The following is an archived copy of a message sent to a Discussion List run by the Campaign Against Sanctions on Iraq.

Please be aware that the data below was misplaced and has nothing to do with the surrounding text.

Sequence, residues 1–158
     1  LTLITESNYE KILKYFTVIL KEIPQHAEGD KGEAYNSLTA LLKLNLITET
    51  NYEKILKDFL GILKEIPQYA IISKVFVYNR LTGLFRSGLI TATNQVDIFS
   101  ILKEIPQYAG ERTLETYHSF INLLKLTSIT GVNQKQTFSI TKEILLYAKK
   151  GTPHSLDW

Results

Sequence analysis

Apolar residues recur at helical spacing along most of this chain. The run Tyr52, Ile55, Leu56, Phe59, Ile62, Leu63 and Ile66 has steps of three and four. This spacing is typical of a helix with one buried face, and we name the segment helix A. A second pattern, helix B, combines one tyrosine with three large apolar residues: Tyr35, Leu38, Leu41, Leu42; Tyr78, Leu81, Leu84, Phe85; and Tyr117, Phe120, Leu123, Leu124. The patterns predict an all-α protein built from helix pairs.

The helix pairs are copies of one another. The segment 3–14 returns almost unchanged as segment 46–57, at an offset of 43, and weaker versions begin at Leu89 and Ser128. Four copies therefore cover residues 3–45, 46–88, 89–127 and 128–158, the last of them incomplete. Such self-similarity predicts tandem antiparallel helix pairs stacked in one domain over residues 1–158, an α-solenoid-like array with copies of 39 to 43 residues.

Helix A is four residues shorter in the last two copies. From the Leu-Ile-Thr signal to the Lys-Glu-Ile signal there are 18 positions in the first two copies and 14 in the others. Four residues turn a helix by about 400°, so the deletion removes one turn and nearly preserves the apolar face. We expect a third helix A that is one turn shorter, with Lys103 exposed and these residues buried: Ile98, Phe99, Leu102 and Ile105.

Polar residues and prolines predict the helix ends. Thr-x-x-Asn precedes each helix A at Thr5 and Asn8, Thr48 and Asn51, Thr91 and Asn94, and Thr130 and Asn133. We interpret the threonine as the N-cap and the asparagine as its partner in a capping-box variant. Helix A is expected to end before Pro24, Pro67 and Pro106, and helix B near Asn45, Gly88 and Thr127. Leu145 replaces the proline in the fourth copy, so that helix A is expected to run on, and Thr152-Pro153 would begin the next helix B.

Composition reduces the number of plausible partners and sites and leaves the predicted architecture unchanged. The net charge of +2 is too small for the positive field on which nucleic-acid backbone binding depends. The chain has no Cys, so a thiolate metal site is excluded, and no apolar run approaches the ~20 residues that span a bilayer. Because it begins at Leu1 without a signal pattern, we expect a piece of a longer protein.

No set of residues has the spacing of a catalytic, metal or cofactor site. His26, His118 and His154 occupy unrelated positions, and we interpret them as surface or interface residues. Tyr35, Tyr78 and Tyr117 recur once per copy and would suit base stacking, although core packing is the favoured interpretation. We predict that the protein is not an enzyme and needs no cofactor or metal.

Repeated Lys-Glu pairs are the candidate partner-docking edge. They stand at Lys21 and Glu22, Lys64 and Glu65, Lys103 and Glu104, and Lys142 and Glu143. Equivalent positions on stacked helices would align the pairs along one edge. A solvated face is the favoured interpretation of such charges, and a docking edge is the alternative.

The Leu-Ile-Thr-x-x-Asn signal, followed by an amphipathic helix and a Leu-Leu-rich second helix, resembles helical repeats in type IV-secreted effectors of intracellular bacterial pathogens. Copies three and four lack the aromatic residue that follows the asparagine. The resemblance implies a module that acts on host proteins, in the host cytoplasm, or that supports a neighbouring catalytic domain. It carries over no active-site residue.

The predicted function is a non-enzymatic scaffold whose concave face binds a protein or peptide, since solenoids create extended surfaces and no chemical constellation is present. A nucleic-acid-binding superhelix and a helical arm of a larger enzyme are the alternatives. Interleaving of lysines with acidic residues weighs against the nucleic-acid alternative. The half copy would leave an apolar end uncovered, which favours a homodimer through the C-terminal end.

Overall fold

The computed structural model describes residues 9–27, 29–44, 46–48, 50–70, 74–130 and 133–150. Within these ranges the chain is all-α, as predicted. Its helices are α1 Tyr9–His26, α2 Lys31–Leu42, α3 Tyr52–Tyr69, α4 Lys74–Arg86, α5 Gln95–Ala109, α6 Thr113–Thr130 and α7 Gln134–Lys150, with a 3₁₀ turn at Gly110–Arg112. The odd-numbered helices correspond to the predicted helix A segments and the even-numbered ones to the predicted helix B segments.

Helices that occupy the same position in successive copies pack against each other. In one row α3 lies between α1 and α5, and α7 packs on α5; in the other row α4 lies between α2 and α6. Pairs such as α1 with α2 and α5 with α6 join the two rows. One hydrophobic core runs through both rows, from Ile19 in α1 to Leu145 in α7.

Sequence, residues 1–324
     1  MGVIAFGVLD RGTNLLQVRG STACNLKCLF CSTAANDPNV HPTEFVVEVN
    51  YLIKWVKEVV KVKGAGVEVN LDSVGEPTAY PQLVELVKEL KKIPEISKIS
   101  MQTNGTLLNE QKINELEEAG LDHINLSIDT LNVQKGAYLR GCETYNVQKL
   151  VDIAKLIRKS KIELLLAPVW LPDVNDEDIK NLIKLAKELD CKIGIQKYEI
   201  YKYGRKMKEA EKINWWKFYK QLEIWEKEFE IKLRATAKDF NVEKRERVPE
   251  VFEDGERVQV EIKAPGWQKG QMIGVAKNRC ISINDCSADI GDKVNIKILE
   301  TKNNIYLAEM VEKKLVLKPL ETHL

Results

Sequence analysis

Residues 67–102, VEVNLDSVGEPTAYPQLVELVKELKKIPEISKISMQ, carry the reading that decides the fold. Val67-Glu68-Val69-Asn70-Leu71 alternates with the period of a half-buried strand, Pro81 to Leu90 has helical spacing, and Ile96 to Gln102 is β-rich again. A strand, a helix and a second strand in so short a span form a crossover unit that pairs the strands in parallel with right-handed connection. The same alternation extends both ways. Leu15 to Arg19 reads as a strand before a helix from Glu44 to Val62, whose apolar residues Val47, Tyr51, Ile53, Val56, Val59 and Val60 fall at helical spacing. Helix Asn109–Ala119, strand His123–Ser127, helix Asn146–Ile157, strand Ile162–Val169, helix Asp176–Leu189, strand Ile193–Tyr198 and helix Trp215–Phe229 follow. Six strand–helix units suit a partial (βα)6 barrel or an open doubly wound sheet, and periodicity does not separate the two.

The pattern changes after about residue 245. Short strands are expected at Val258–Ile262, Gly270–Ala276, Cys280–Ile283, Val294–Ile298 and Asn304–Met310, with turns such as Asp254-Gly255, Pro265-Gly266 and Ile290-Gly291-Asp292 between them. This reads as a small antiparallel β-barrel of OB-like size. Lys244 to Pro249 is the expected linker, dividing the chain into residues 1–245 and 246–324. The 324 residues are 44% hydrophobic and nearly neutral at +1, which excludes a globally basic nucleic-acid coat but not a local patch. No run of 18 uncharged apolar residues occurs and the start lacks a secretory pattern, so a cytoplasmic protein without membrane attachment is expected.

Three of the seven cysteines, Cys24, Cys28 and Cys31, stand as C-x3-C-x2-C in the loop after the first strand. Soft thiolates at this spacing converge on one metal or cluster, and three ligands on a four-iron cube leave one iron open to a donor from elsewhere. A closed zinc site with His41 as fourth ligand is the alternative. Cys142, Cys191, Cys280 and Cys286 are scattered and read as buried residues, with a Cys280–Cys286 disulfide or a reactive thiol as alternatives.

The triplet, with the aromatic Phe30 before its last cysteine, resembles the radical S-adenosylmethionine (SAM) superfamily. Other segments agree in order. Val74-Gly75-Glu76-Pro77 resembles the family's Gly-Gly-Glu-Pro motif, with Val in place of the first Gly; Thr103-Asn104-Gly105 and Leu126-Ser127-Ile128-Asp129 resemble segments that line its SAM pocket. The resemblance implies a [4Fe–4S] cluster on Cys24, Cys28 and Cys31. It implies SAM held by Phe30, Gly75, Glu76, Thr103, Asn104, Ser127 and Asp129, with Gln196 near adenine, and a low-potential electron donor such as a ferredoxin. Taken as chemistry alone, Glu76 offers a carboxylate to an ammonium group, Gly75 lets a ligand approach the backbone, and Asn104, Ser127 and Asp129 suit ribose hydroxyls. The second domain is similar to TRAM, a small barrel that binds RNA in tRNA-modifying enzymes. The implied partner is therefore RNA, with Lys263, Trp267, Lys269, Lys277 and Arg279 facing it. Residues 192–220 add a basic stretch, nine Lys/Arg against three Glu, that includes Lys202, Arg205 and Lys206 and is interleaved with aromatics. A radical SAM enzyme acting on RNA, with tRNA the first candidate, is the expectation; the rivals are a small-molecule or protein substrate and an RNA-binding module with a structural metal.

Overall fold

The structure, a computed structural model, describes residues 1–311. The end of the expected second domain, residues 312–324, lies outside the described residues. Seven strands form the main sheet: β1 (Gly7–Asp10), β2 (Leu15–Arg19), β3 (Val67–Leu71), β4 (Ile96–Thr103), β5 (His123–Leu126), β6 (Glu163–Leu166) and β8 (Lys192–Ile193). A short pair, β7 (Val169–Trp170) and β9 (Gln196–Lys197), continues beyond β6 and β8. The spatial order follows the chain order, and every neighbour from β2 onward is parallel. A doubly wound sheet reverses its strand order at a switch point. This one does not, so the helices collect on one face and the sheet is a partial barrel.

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In discussions with participants and local organizers of April 20th we have noted a wide variety of individual experiences. As a group specifically oriented toward solidarity with the Iraqi people we chose the ANSWER rally site to begin the march. They clearly and explicitly condemned Washington's war on Iraq as a central slogan. The assembly was characterized by the predominance of US Arab and Muslim communities mobilized in support of Palestine. For those who have suffered through relatively small gatherings in response to the monumental developments in the past months, it felt great to be among tens of thousands standing for the embattled Palestinian people. Amidst the varied issues and demands of the march we considered it essential, as an organization, to literally raise the banner of Iraq. Our prime objective for the day was to maintain the huge (5'X12') NO US WAR ON IRAQ! END UN SANCTIONS banner and rigging. Overall we got a good but varied reception. Upon setting up the banner a middle-aged Arab-American man skeptically read our banner then remarked emphatically with a slight accent 'THAT is the best banner here.' Many gave us an enthusiastic thumbs-up, while others read our banner with interest but without comment. I felt a certain ambivalence by some on the issue of Iraq. The association with Saddam Hussein is seen by some as the last thing the Palestinians need at this time. During the preceding week the US administration justified its support to Israel with the sensational "revelations" of Iraq and Iran funding Palestinian resistance to Israeli occupation. Then someone would simply thank us, and others engaged us in discussions on Iraq. After one such discussion Ali, an Egyptian-born school teacher offered to help hold the banner. When the march ended four hours later Ali would finally relinquish his half of the heavy load. Without any intention there always seemed to be steady rhythms of lively chants around us. This was especially helpful when lugging the huge rigging and sail through gusts of wind and surging crowds. As the march proceeded we came in contact with other contingents. At one point, a roving group of Arab young men checked out the banner and improvised a series of chants against the US war on Iraq. The most interesting combinations were the groups of Muslim women in chadors mixing it up with the anti-Globalism youth with their piercings and tattoos. And yes, they could both join in a single voice to demand an end to Israel's war and condemn US support. Heh-Heh, Ho-ho the Occupation's Got to Go! -was particularly effective at crossing the cultural divide. At the end of the march we ran into a few of our son's high-school friends. They were completely amazed and impressed. They had come down with one of the kid's mother to what they thought was to be a "peace" march. They did not expect more than seventy five thousand supporters of Palestinian rights to be in the streets of Washington D.C. Bob Allen Campaign to End the Sanctions Philadelphia PA _______________________________________________ Sent via the discussion list of the Campaign Against Sanctions on Iraq. To unsubscribe, visit http://lists.casi.org.uk/mailman/listinfo/casi-discuss To contact the list manager, email firstname.lastname@example.org All postings are archived on CASI's website: http://www.casi.org.uk